dry flowers Blog 3-1

Dried Flowers – How to give your favourite flowers a second life!

Even though summer maybe almost over, there is a great way to keep your home bright and cosy and give your favourite flowers a second life.

Dried flowers look charming and provide a summer warmth with their subtle colours.

Here at Roots we like different styles and shapes of the flowers and here are some tips for drying your blooms:

Step 1. To get started pick some flowers which will dry well, such as roses, delphinium, statis, eucalyptus, physalis, nigella, scabiosa, craspedia, allium, celosia, thistle, strawflower, hydrangea, poppy seeds heads and gypsophila. These will dry easily and even will keep their colour.

Step 2. Take some single stems or tie a few into a small bundle and hang them upside down in a dark, well ventilated area outside of direct sunlight and leave them for a couple of weeks to dry.

Step 3. To protect the dried blooms, as they will be more fragile than the fresh cuts, spray them with some unscented hairspray.

For an authentic autumn feeling add some dry wheat to your arrangement to symbolise harvest time and for a nice calming scent use some much loved dried lavender flowers.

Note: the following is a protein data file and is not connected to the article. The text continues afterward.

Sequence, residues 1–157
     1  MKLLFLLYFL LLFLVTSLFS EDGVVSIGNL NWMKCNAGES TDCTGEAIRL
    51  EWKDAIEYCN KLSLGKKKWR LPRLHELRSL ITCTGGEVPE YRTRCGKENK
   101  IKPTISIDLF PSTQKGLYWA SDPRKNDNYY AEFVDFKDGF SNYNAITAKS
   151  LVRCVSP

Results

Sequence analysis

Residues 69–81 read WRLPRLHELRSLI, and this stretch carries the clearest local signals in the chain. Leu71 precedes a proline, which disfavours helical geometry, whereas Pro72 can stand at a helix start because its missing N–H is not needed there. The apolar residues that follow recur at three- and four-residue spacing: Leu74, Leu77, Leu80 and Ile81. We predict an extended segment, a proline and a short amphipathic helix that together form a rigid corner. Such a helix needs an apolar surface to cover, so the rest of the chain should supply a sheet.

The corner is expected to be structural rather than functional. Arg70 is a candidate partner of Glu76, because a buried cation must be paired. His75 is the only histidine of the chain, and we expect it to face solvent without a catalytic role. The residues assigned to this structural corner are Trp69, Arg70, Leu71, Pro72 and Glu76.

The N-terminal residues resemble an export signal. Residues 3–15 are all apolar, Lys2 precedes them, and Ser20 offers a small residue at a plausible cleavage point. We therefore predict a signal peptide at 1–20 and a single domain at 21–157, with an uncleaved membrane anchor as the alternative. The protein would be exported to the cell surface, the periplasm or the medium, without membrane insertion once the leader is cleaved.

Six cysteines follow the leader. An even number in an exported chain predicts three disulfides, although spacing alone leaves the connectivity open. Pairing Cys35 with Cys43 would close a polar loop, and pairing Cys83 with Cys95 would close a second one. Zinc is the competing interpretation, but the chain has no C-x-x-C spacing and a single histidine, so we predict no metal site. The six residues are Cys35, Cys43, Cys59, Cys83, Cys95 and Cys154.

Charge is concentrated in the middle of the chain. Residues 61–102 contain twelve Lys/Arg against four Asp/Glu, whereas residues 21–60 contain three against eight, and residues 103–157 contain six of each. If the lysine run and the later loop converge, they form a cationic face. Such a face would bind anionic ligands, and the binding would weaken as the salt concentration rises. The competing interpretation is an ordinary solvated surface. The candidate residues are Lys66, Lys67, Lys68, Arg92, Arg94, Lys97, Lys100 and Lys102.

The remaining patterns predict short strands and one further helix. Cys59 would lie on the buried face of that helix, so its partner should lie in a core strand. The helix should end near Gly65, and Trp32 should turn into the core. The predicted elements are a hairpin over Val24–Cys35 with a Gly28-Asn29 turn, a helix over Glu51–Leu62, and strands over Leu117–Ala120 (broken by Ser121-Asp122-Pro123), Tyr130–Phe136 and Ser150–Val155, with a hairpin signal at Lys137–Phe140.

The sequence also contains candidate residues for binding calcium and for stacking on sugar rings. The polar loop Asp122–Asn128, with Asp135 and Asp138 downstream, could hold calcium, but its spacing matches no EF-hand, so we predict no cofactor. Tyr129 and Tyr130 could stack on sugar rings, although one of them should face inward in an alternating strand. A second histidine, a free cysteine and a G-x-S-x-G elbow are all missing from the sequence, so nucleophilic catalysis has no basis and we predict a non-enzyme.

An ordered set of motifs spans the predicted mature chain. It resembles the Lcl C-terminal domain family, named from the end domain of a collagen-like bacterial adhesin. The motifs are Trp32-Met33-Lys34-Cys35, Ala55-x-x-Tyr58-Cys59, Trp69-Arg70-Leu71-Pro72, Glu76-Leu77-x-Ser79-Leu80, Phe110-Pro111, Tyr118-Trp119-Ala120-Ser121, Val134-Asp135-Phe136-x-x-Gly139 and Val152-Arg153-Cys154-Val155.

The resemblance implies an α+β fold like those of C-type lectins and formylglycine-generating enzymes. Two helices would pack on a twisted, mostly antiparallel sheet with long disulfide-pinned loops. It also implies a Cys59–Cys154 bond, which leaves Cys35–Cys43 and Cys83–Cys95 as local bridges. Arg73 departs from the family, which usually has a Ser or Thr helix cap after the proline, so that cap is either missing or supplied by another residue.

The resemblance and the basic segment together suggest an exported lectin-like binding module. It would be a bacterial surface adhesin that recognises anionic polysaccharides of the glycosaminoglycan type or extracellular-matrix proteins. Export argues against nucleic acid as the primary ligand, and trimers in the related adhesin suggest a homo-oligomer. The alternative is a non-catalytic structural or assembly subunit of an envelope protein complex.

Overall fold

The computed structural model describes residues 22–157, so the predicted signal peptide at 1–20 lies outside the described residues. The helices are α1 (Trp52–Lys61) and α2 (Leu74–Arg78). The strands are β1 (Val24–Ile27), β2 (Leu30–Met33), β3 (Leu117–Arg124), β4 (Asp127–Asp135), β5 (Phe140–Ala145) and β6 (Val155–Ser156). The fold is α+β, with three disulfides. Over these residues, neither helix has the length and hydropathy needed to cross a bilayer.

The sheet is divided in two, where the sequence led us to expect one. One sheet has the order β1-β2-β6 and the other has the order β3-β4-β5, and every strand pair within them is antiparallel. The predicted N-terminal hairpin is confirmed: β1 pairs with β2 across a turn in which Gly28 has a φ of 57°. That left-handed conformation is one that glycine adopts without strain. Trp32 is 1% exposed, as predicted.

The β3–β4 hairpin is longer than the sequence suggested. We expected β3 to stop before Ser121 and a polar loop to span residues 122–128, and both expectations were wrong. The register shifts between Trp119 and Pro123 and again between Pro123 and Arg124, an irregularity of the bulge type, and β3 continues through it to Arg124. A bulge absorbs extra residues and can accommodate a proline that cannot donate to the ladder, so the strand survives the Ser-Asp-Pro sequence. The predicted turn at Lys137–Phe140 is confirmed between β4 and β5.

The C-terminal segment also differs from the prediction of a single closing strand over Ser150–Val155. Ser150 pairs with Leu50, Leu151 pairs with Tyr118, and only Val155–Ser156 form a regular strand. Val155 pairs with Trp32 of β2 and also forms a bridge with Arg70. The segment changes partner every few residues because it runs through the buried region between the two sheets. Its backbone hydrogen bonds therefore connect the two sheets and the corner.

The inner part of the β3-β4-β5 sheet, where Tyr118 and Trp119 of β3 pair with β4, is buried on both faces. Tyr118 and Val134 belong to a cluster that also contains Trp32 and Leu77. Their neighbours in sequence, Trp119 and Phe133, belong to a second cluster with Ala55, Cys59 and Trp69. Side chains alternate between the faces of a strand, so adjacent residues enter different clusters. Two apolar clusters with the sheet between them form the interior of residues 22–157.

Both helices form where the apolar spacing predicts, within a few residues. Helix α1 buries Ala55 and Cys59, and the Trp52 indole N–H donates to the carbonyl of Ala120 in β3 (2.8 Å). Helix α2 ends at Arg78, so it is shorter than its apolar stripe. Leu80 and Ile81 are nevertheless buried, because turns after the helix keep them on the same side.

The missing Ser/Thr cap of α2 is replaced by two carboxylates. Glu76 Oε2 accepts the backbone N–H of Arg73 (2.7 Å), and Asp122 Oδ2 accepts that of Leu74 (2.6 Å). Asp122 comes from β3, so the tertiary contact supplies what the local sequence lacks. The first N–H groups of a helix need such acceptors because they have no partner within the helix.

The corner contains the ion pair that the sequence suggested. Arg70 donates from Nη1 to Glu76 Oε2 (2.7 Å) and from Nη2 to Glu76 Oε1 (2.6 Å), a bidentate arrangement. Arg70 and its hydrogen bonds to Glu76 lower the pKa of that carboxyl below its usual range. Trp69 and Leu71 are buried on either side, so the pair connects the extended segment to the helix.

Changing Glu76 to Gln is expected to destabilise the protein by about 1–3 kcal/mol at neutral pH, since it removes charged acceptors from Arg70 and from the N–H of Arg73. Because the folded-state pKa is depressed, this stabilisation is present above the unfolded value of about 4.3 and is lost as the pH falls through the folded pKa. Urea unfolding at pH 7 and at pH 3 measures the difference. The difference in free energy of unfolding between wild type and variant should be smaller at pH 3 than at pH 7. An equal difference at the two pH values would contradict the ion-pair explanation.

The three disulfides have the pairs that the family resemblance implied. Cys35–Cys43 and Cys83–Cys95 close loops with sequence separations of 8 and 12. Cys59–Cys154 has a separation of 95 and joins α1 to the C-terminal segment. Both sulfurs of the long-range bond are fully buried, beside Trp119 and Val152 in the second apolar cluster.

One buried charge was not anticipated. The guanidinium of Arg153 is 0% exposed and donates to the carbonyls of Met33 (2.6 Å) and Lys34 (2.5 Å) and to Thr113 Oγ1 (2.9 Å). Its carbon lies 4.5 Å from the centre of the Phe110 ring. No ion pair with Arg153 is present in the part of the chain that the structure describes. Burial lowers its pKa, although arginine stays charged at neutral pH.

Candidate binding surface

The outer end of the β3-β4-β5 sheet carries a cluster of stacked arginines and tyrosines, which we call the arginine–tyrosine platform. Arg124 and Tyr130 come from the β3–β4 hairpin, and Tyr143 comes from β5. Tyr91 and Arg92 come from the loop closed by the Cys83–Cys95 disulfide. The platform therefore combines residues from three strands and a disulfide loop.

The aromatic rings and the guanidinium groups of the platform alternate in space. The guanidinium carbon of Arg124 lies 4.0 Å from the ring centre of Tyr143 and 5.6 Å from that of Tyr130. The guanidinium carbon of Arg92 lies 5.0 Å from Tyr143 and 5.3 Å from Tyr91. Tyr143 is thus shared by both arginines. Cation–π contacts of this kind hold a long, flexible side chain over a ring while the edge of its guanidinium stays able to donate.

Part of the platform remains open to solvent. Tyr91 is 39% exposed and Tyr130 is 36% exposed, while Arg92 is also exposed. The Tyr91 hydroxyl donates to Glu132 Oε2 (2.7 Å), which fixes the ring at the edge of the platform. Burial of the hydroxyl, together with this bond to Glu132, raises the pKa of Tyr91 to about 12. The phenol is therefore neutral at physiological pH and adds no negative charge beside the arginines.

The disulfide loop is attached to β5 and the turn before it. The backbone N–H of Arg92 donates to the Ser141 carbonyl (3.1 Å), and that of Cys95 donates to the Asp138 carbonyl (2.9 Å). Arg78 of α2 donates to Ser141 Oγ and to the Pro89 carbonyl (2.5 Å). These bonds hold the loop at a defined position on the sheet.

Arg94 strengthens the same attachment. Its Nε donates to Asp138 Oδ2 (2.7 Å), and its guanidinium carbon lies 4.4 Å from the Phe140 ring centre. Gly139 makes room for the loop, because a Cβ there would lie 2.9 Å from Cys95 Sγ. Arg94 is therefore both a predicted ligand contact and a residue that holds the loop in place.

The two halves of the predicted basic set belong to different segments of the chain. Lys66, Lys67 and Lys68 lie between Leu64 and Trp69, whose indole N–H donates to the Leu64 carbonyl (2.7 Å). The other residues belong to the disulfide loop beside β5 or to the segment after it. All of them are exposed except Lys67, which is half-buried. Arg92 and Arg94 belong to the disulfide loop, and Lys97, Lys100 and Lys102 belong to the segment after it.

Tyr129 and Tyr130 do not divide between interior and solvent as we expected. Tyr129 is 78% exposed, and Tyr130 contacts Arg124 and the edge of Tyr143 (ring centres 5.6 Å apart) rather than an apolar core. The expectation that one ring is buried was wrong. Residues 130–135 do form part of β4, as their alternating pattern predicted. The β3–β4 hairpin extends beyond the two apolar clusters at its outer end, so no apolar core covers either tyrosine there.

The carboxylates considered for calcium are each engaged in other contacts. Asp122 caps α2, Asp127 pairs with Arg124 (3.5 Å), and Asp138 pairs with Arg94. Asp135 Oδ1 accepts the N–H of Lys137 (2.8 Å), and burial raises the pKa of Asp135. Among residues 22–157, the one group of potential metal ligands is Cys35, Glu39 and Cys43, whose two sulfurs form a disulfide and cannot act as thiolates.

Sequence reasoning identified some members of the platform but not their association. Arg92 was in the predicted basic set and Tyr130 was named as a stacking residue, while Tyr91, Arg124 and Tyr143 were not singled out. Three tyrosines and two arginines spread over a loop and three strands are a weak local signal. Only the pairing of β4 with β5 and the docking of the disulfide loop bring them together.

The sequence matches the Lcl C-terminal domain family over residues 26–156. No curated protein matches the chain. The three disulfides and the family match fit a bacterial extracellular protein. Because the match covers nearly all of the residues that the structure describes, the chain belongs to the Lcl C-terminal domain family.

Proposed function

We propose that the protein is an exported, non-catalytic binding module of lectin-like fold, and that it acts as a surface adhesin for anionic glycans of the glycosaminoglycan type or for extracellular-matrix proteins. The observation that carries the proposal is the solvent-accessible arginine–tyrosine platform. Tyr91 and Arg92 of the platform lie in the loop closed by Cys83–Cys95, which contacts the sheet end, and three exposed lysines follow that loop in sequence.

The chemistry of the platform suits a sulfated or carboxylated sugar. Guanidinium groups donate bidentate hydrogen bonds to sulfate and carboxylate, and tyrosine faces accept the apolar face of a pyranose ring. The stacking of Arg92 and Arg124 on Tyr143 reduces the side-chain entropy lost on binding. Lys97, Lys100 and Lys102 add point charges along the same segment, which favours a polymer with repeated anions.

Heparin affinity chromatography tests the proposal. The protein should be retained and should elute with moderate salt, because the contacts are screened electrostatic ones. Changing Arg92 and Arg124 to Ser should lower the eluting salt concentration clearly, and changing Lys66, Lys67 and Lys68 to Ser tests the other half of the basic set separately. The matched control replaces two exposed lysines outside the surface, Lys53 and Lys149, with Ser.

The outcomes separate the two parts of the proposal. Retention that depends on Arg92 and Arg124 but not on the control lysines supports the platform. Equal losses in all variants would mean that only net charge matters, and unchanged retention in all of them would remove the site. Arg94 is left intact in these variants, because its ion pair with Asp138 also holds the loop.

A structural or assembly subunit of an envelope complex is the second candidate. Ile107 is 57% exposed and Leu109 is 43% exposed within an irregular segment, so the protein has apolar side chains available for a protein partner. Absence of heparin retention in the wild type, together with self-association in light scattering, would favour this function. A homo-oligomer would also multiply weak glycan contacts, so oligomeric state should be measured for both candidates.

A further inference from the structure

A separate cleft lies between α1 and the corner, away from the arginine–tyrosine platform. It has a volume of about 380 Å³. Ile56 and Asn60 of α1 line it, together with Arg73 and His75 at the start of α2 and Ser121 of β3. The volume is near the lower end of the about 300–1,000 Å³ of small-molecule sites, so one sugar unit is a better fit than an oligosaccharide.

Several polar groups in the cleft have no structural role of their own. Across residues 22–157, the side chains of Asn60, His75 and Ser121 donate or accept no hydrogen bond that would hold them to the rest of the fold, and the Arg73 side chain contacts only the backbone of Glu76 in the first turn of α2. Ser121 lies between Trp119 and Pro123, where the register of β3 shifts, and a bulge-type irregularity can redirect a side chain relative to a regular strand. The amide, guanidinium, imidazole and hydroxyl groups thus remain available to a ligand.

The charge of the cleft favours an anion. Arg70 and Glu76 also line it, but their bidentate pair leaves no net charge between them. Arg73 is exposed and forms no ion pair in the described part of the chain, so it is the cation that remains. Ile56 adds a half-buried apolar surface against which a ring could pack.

dry flowers blog1

To add a quirky and unusual detail, use some poppy seed heads and for a cosy feeling of autumn, a touch of class can be achieved by adding a pheasant or other bird feather to your arrangement.

Do not be afraid to experiment and add some birch twigs or straws to your dried bouquet for a stylish and contemporary look.

These kinds of arrangements would fit perfectly into a jug, ceramic vase or even a bottle. Some raffia or a piece of string wrapped around the vessel’s neck will add a stylish and rustic detail.

A bouquet made of dried flowers will last for months and bring warm memories of summer.

Written by Maria Lovell

Comments are closed